I’m all for naming reality.

One of my major battle cries is “I like being for things and not against things.” But the last time I wrote about that, a reader made the point that there really are plenty of things to be against!  And I actually agree with her. I could rant with the best of ’em about the ills and evil in this world.

But just for today, I’m sticking with my “I’m for things” stance. So let me say that one thing I’m for is telling the truth, naming reality, and admitting pain or difficulty. As a Christian, I can say “There’s no resurrection without crucifixion,” but that probably would require a sit-down, longer conversation with you to explore fully. So in the meantime, let me say that sometimes something has to die before it can reach its full fruition. Seeds have to be cast into the ground before they grow… you get the idea.

I really think we do each other and ourselves a disservice to pretend that all is perfect and to act as if our lives are trouble-free. One problem with that is that it limits our own growth if we don’t need to, well, grow or improve on anything. Another problem is that it leaves others feeling like lonely freaks if they think they are the only ones who struggle with something.

I believe that there’d be a lot less divorce in the world if people could admit the inevitable marital difficulties to others in an atmosphere where it’s considered normal to have to work hard at a relationship, where others said, “Yes, we too have had that sort of issue, and there is hope” or “Yes, it can be rough, but here’s what worked for us.”

Marriage, parenting, dating, work relationships, self-reflection — these are all areas where our mindset can flip us out if we begin thinking it’s strange that we’re having problems whereas a bit of struggle is the norm in relationships that attempt to be honest and real, to go deeper than surface peace-keeping, that hope to last and grow.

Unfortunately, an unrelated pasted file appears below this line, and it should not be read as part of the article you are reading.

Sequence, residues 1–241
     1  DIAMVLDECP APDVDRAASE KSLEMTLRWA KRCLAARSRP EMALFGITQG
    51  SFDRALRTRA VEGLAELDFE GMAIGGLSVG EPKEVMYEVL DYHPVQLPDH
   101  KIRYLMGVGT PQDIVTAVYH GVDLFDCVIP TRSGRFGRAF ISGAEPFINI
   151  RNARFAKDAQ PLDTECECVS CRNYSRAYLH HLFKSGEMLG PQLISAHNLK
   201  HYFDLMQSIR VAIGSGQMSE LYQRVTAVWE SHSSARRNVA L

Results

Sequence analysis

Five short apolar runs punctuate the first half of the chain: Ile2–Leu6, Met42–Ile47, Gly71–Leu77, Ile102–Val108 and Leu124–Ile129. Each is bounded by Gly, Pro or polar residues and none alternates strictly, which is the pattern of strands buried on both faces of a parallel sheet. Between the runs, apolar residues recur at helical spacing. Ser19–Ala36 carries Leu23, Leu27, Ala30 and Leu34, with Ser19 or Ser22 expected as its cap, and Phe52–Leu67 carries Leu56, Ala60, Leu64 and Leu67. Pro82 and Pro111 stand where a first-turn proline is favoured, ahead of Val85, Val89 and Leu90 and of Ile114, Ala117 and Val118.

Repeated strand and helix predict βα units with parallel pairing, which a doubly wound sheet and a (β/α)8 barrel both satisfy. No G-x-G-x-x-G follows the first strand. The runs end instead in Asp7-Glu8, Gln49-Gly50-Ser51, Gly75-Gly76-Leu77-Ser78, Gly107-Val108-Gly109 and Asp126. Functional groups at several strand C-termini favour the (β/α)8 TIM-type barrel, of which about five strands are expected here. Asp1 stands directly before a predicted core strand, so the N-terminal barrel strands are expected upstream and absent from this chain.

Yet our culture presents a view that makes it seem like a surprising, bizarre anomaly if anyone has problems or if life presents challenges. Which it does — every single hour that we breathe.

So to the degree that we say WHAT IS and don’t deny it or sweep it under the rug, there can be hope and growth and redemption ahead.

So I’m for negativity if something needs to be expressed — not wallowing, not complaining, just a simple naming of reality. And I’m also for sitting with each other with a presence that says, “You are not alone,” “I feel that way too sometimes,” or even — at the simplest level — “I don’t have answers but I’ll be with you.”

We can tolerate a lot if we’re not alone. We can move forward with hope if others who have that hope can join us and point the way. But none of that happens if we have to (or choose to) pretend that life is perfect.

Because for most of us life is not perfect. But it’s damned good.

 

 

Illustration by the Cowboy Prince of Custer’s Last Waistband

2 thoughts on “I’m all for naming reality.


  1. I’m with you, Spacious! In a Renewable Enthusiasm blog entry Mindfulness – the Miracle by Which We Master and Restore Ourselves, I wrote about a meditation experiment conducted by my discussion group. We experimented saying “no” to situations that we didn’t like. We brought up all of our righteous indignation. And then paid attention to the effect this had on our body tension. Then we practiced saying “yes” to those same situations. And the body tension melted away.

    I love it when sociologist Brene Brown said that the most powerful statement is “Me, too.” That’s essentially what my group did individually when summoning up all of our self-righteous indignation. “Yes! It sucks!” Then, shift to “Yes, it is.” Either doing this alone, or with someone else in saying “sometimes, that’s me, too” is a powerful way to begin the transformation of that negativity into something we can work with.

    Seth Godin wrote in his book “Linchpin: Are You Indispensible?” that the linchpin “has discovered that we only have a certain number of brain cycles to spend each day. Spending even one on a situation our of our control has significant opportunity cost.” I’ve started to realize that. It takes practice, to discern what’s within our control and what isn’t. Other people’s habits, perspectives, emotions, actions aren’t directly within our control. When you can name the situation – negative or positive – you can come back to what you can or can’t do about it.

    Then you spend more time living the life that’s damned good, rather than striving for the life that’s perfect.


  2. Well said and a stimulating perspective, as usual from you.

Leave a Reply